Coping with the uphill struggle

When life hits you hard how do you respond?  When life hits someone else hard, how do you respond?   I’m one of those people whose first response in the face of adversity is to vent – I talk to my friends and family and I may seem to be “in touch” with my emotions and willing to share my thoughts.  But this is just my first phase.  Quite quickly I become aware that I may be boring the *rse off everyone and I also start becoming reflective and withdrawn. I need to quickly move into presenting my “coping face”.  My father brought me up to be independent and self-reliant – his view was always to do a favour, not receive one. God forbid you might appear needy. Because of this, when I do ask for help, I probably do it in a slightly surly way, qualifying it with “its not a problem if you can’t” and “no, don’t worry I’ll manage” before  the person I’m asking has a chance to answer. I think that the truth is I think its weak to ask for help.  How stupid is this?

Society is built on the ties that bind us together.  Whether through friendship, family or work our lives are built on relationships.  And what feeds those relationships is cooperation, mutual support and obligation.  Without these society is going to start to fall apart.  If we don’t ask for, and receive support what will happen to our relationships?  We’ve all had one of those friends who seems to always be in crisis and needing (yet another) favour.  But doesn’t it also make us feel good  (and maybe a little superior) when we can do that favour?  And for every friend like that don’t we also know someone who is always “fine” no matter what life throws at them?  Even though we know they’re not fine?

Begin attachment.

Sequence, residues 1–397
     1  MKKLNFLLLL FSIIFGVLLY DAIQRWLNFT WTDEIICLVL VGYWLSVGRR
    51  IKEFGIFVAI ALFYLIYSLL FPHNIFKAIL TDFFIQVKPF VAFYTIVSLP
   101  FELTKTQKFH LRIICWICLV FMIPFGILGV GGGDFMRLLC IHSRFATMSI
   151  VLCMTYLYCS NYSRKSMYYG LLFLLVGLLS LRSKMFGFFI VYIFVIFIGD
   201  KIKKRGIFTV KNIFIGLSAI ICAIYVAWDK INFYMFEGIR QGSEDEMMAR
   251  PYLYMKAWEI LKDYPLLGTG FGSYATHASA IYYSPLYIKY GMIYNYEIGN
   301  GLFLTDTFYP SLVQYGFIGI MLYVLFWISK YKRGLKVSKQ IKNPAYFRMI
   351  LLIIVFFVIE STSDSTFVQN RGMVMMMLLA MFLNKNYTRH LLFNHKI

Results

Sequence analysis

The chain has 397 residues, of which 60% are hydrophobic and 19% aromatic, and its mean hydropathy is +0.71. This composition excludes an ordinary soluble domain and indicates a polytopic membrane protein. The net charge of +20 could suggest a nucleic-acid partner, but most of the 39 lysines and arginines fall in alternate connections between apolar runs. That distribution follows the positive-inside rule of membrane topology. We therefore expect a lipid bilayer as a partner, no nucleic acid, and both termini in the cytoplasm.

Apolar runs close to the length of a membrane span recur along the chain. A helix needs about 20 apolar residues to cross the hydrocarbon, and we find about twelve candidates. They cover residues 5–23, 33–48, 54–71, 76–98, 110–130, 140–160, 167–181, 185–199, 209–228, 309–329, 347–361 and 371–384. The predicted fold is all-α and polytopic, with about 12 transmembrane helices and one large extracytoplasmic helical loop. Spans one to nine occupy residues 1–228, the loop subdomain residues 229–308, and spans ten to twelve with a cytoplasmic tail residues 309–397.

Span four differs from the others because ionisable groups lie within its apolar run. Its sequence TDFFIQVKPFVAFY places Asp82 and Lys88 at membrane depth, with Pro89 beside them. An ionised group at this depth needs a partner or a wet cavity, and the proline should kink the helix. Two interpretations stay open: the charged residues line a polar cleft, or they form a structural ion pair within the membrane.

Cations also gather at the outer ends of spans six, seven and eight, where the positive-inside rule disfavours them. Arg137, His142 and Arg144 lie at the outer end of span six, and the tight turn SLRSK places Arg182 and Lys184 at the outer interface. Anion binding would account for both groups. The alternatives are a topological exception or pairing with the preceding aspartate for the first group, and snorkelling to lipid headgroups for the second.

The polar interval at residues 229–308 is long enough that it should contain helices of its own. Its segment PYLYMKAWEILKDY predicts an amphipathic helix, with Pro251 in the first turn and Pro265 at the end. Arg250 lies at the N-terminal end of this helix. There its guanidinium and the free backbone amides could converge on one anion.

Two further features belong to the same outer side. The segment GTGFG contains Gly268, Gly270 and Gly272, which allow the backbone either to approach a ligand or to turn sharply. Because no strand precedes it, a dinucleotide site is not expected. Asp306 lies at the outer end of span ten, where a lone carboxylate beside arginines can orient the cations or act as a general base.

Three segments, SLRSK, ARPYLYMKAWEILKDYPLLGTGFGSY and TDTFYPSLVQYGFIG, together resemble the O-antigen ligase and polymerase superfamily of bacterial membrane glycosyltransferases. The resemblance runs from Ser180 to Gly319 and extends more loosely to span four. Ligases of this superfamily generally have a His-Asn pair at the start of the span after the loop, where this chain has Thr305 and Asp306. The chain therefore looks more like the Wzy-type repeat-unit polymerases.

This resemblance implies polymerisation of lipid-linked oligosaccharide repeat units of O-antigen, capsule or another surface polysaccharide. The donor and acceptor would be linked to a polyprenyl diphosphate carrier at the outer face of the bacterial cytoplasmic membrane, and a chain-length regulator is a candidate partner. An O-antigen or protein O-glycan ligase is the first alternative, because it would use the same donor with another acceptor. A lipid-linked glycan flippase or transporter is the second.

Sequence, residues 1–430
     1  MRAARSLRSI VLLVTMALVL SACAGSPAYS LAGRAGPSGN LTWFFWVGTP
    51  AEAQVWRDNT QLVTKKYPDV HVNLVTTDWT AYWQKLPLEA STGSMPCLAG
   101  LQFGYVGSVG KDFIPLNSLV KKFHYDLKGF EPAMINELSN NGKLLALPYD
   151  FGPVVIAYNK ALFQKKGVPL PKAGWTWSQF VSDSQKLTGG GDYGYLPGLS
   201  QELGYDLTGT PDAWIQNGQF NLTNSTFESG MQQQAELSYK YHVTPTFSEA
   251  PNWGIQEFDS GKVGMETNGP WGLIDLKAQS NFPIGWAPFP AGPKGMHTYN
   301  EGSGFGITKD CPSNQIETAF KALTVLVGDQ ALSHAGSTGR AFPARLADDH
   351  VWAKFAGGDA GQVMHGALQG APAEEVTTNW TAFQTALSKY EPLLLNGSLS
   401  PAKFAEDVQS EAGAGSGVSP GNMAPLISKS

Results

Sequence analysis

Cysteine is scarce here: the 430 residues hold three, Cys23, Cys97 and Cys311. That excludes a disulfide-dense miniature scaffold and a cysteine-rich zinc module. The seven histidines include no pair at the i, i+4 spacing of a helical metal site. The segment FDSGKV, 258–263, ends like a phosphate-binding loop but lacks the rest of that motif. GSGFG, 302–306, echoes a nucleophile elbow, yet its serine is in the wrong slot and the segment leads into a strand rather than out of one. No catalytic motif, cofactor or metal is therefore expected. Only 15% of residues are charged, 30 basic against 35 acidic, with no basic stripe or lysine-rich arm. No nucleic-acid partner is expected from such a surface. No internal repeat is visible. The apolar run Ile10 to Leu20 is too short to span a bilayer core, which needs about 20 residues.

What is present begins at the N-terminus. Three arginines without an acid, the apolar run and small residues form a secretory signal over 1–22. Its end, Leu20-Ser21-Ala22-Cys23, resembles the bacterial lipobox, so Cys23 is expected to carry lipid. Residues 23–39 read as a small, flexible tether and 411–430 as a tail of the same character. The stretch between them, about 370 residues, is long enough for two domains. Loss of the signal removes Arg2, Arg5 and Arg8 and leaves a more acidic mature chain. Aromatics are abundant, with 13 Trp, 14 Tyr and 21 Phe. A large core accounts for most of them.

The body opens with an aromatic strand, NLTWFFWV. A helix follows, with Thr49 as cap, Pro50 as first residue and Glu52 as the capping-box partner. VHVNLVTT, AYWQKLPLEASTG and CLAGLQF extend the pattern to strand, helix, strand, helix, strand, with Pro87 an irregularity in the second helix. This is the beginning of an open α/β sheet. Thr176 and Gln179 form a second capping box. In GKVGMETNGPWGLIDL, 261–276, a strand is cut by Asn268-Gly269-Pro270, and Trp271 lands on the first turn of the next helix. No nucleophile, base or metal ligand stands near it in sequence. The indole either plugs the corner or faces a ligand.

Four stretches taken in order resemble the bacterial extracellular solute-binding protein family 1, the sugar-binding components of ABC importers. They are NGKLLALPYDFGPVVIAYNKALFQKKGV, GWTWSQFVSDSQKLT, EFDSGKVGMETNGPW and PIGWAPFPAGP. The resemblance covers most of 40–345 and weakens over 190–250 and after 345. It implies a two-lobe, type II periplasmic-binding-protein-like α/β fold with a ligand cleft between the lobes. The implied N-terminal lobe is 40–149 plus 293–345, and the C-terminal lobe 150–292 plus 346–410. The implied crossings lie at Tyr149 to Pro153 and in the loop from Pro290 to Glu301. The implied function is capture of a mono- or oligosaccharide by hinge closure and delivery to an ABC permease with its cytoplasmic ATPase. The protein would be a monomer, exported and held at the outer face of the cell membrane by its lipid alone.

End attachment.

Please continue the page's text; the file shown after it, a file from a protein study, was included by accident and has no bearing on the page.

“From each according to his ability, to each according to his needs” – Karl Marx

People are different and different people need different types of support.  And some people can give more than others.  For some a neighbour popping in every day is too much.  For others anything short of a family member moving into the spare room is not enough.  I remember when my partner was ill, I came home from a long stint at the hospital to find a friend had used her key to go in and clean up my kitchen, leaving some soup on the stove and some flowers on the table.  If she’d asked me I’d have said “Oh no, that’s too much, I’ll be fine” but faced with a fait accompli I accepted gracefully (and somewhat tearfully, truth be told).  It showed how well she knew me that this is how she chose to support me.

It sometimes saddened me that having been in a challenging situation for many years people didn’t ask me to help out.  They knew I already had so much on my plate. Now I’m more available they don’t seem to be able to overcome the habit of not asking.  Maybe that’s why I’m drawn to my work as a death doula.  If I can’t offer that help and support to those I know maybe I can do it for others at the ends of their lives.  And maybe I’ve got some making up to do.

 

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